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Help me track down a quote from Martin Luther
April 1, 2009 10:05 AM   Subscribe

Help me find a quote from Martin Luther about humanity being a drunk man who falls off his horse on one side, and then gets back on and falls off the other side.

A quote from C. S. Lewis in "The World's Last Night":

"For my own part I hate and distrust reactions not only in religion but in everything. Luther surely spoke very good sense when he compared humanity to a drunkard who, after falling off his horse on the right, falls off it next time on the left. I am convinced that those who find in Christ's apocalyptic the whole of his message are mistaken. But a thing does not vanish—it is not even discred­ited—because someone has spoken of it with exaggeration. It remains exactly where it was. The only difference is that if it has recently been exaggerated, we must now take special care not to overlook it; for that is the side on which the drunk man is now most likely to fall off."

I would very much like to know where Martin Luther said this, and what the exact quote is. But Lewis doesn't cite it.

I did some heavy Googling and found another book that referenced Luther's horse analogy, called "Why Johnny Can't Tell Right from Wrong" by William Kilpatrick. He cites all of his sources very thoroughly, but Google Book Search decided to randomly leave out that page of the index from the book preview. So I bought the book (used), because I REALLY REALLY want to know where this came from – and of course... he doesn't cite that partular reference at all.

Can anyone track down this quote for me?
posted by relucent to Religion & Philosophy (6 answers total) 3 users marked this as a favorite
 
I found it referenced in the book "Martin Luther: A Life" on Google Books as well. Of course, not cited.
posted by General Malaise at 10:26 AM on April 1, 2009


"Human reason is like a drunken man on horseback; set it up on one side, and it tumbles over on the other."

As quoted by William Hazlitt in "ESSAY XV: On Paradox and Common-Place", from Table-talk, Essays On Men And Manners: " Or as Luther complained long ago, 'human reason is like a drunken man on horseback: set it up on one side, and it tumbles over on the other.'"

I don't know what it was in the original German, or its source.
posted by orthogonality at 10:26 AM on April 1, 2009


I should clarify that I don't need to go all the way back to the original German, I am just mainly interested in the context and the English 'gist'.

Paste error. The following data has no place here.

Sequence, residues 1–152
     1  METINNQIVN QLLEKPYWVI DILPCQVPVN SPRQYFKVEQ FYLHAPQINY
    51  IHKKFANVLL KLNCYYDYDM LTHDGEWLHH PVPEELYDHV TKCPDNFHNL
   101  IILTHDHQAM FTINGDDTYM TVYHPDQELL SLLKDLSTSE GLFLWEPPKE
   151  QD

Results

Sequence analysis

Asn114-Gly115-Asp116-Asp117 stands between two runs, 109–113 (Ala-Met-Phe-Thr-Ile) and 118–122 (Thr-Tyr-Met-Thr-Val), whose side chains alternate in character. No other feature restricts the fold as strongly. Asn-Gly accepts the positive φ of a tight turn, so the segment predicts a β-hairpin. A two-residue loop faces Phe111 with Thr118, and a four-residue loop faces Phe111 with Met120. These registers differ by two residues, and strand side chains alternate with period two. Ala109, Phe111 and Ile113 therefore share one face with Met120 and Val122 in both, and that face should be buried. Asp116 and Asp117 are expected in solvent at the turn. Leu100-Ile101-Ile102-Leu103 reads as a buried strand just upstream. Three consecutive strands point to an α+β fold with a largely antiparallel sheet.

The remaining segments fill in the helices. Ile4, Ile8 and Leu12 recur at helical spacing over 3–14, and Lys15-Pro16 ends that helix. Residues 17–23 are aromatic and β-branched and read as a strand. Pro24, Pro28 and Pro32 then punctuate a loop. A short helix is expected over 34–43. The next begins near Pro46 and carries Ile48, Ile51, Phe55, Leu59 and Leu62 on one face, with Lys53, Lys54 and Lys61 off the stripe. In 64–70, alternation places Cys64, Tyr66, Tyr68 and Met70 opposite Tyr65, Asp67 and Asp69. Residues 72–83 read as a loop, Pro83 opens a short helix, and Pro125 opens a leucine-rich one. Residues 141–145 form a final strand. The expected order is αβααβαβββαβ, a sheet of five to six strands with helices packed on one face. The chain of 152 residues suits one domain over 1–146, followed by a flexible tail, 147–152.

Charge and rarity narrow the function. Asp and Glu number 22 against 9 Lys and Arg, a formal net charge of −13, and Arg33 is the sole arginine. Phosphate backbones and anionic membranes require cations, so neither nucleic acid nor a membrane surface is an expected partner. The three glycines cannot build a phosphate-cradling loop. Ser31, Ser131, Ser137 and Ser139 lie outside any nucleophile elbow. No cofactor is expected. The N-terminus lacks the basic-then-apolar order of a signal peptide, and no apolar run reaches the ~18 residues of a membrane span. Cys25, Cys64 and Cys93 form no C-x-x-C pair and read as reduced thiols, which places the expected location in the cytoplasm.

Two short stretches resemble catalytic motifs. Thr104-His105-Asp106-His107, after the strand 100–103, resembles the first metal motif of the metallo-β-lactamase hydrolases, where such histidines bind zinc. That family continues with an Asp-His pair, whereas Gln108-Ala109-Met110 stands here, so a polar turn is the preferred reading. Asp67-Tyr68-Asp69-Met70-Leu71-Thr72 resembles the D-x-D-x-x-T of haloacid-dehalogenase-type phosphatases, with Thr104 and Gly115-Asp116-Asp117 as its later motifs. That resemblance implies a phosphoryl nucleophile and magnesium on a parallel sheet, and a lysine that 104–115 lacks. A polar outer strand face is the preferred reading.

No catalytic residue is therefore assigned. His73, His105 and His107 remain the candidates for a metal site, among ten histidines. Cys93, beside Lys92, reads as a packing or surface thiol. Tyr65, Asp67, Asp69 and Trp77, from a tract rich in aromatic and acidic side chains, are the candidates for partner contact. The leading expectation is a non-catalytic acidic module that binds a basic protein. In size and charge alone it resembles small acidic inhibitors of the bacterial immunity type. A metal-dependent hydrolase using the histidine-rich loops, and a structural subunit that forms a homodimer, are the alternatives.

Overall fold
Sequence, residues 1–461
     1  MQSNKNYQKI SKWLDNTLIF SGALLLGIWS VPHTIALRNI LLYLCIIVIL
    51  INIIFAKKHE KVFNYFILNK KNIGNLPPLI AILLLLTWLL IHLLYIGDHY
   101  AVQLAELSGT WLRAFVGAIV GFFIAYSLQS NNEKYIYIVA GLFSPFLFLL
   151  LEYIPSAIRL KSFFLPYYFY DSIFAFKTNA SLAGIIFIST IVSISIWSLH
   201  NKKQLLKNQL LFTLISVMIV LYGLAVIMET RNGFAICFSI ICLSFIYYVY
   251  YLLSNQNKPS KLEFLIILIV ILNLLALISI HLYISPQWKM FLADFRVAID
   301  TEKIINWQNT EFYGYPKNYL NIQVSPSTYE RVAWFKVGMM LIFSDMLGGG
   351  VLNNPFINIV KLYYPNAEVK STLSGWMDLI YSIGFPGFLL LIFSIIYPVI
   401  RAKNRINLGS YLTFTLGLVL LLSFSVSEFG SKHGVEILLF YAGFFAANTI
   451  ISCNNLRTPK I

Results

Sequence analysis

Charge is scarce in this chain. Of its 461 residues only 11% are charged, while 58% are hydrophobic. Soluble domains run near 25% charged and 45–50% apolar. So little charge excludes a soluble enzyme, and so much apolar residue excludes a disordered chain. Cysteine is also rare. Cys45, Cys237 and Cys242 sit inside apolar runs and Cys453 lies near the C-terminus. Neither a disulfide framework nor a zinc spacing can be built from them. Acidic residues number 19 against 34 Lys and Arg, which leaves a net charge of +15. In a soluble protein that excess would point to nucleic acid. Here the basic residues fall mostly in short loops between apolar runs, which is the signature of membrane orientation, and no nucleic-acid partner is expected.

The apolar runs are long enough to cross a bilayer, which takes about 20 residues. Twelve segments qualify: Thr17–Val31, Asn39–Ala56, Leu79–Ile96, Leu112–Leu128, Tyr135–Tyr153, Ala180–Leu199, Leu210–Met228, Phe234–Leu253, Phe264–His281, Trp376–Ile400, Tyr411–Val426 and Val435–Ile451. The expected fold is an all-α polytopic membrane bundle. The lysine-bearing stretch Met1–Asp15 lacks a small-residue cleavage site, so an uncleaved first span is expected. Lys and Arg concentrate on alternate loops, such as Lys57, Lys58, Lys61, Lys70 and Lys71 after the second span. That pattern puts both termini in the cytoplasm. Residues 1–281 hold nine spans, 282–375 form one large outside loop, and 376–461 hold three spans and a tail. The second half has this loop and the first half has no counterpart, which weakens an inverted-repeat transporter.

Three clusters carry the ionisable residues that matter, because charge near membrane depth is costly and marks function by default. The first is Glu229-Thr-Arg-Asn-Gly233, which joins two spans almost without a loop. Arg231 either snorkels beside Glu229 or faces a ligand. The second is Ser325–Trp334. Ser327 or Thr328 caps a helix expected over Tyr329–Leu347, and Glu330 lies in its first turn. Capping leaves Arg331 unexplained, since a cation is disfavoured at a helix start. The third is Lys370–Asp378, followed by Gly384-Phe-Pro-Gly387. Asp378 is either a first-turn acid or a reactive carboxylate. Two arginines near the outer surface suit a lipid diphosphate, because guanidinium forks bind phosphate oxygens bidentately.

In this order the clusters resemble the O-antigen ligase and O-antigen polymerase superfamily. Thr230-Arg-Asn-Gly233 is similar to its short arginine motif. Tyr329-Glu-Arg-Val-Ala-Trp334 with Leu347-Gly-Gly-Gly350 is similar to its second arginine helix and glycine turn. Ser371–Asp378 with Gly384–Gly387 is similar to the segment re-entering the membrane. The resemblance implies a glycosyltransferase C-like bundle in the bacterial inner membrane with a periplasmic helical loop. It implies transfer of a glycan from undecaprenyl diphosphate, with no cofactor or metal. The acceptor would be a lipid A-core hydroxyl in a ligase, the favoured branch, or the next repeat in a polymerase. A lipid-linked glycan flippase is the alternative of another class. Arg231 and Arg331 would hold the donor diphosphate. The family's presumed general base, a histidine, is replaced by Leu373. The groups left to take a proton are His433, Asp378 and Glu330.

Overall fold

posted by relucent at 11:21 AM on April 1, 2009


It is apparently from Luther's Table Talk, the German edition of which was first published in 1566. I am vexed to say that I haven't found the original German; however, it is cited as being on the 111th page of the 54th volume of the standard edition of Martin Luther's Werke. Unfortunately, searching German phrases gets me nowhere - a decent library would a place you could find the German if you really wanted it.

Anyhow, the text is, according to one rather flowery source whose name is actually "Preserved Smith," the product of

... the environment in which Luther and his guests conversed and of the men who noted down the sayings of the master. Each of these reporters was a source from whom others copied until practically all the sayings were united, after several stages of transcription, into great collections by various editors. We may compare the process of accumulation to that by which many springs pour their waters into the same great river, the original notebooks corresponding to the springs, the first copies to tributary streams, and the final editions to large rivers.

In short, these were the sayings of Martin Luther, as recorded by those close to him. (Sort of like the Koran, only without the divine inspiration and with a lot more anti-Jew.) They are thus quite brief, without much context, resembling epigrams. The one which you seek is given in translation and cited here:

The world is like a drunken peasant. If you lift him into the saddle on one side, he will fall off again on the other side. One can't help him, no matter how one tries. He wants to be the devil's. (TT 630, 1533. LW 54:111)

To translate that citation for you, this quote is from Table Talk #630 (probably recorded around 1533), which can be found in volume 54, page 111 of the Luther-Werke, Luther's works.
posted by koeselitz at 12:03 PM on April 1, 2009 [3 favorites]


You can see now why googling was tripping you (and me, for a long while) up: in this "horse analogy," Luther doesn't actually use the word 'horse' at all.
posted by koeselitz at 12:21 PM on April 1, 2009


Thank you! Google is great and all, but I would never have found it.
posted by relucent at 1:58 PM on April 1, 2009


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